Kashmir Valley has faced political disorder since decades and the human rights abuses in the state have particularly affected the economic and social status of women in the region. Moreover, crimes against women have made it very difficult for the educated women to work beyond the traditional jobs and their defined chores. Still, women have managed to break barriers and follow their dreams, even if modified.

In Kashmir when we talk about business, we talk of men only. Traditionally, despite constituting majority of workforce in agriculture and handicrafts – two main vocations of the Valley, women did not own or operate businesses on their own. But that is all now changing. Young women of Kashmir are breaking all the barriers and treading the path of business which otherwise would be a man’s domain only.

Young girls today make their presence felt by taking up their dream jobs and becoming a role model for others who want to excel in the fields of their interest. In Bandipora, once a hot bed of Militancy, several girls have started their new own ventures and become an inspiration for others, Nida Ramzan from Ashtingoo Bandipora is one of them.

26 year old Nida Ramzan is a student of Information Technology and is currently Persuing MSc IT.And is today a voice for enterpreneurs in the Valley.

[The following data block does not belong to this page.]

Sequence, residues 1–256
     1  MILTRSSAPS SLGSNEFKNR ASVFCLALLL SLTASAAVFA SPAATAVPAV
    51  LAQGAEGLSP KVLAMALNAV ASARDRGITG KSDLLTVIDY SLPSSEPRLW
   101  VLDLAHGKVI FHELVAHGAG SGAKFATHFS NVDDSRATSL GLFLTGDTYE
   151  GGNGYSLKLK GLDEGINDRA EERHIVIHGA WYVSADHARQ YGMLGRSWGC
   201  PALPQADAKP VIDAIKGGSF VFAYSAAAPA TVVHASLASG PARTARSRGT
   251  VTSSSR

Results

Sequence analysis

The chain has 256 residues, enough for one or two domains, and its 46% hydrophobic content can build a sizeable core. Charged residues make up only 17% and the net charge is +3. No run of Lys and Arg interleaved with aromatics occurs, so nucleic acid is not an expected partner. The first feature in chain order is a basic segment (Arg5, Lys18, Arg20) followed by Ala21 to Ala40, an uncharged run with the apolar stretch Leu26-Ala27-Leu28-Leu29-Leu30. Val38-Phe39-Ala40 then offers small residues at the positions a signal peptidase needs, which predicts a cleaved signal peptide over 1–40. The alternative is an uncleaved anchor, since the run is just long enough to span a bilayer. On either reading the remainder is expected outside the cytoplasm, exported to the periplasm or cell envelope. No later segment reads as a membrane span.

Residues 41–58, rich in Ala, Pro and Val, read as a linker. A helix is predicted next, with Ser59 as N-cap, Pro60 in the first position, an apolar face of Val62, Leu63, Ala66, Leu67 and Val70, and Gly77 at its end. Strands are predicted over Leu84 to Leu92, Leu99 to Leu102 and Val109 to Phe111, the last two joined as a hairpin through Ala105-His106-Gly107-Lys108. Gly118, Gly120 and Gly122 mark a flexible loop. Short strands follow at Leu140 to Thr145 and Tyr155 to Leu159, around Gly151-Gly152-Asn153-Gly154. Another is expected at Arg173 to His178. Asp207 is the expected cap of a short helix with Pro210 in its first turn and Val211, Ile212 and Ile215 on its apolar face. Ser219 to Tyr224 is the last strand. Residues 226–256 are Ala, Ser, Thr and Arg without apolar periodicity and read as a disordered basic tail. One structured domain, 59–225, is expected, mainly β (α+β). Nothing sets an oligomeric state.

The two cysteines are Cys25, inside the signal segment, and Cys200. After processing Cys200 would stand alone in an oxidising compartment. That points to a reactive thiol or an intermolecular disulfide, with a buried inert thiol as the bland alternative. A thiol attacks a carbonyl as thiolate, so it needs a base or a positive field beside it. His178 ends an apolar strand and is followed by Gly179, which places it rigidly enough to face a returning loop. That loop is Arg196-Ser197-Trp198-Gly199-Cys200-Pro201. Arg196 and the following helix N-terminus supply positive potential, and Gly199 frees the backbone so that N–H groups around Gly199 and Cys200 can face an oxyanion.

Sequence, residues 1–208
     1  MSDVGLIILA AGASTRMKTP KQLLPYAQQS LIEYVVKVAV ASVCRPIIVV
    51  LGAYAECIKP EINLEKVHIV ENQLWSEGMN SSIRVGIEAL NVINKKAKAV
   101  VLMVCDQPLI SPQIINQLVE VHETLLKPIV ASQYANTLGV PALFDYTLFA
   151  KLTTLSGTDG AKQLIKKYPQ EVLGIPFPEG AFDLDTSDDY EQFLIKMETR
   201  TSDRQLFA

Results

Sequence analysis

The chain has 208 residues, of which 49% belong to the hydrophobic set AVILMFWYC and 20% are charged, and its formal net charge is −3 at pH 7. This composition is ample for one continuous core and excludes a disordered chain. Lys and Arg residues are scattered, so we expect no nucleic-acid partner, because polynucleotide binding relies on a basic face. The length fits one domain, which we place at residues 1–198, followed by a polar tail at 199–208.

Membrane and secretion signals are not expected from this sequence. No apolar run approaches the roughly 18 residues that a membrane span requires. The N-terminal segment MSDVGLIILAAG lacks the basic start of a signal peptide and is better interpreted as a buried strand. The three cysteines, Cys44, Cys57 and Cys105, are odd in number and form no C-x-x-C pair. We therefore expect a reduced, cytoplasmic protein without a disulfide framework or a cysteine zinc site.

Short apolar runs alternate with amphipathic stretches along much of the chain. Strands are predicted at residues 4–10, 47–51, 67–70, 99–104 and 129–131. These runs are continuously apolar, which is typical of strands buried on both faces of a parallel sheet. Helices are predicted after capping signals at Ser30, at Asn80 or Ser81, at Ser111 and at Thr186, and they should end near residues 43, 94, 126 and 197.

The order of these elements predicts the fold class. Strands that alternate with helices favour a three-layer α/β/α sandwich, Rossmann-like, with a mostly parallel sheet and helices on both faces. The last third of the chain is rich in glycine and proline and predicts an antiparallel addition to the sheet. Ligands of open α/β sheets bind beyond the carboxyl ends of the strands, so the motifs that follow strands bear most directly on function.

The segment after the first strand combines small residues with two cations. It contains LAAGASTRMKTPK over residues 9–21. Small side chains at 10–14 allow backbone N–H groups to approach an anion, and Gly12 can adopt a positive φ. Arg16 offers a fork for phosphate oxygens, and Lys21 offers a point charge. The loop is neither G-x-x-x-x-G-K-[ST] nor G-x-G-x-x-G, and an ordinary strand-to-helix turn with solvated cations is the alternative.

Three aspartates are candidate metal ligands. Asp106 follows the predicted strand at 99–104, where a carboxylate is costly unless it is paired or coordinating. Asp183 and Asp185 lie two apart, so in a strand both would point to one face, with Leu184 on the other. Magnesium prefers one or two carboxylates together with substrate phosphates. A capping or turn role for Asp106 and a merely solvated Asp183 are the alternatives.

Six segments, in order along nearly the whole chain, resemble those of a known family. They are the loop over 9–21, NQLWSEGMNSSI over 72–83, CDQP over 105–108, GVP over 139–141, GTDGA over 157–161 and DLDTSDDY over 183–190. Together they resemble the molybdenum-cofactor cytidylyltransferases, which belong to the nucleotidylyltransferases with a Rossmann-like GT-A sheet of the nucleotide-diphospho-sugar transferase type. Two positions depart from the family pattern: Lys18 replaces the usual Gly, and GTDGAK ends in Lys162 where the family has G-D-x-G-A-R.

Nida always wanted to to something different.She started baking cookes and named her brand, Koshur Krunch. But it was a tough journey. She had no funds and finally a Pune based organisation Aseem Foundation came to her help. In 18 months Nida’s cookies are selling in a number of states.

She has now trained seven girls in Uri and Bandipora who work with her. They are all earning a regular income.

For Nida the response has been amazing. She now has another bakery init in Uri Baramulla where four girls were working. “I want to provide employment to other girls by expanding the business,”she said.

In her view girls in Kashmir should work, strike out as they have a “ot of potential and ability.” She said that women should not remain dependent on government jobs but recognise their talent, their ability and move forward. She said that to move from the technology area to baking was not easy to begin with, but hard work helped open shut doors.

Happy with her success today, everyone in her family is proud of her work. Her sister want to do something similar. “My parents and my family has been really supportive,” Nida said.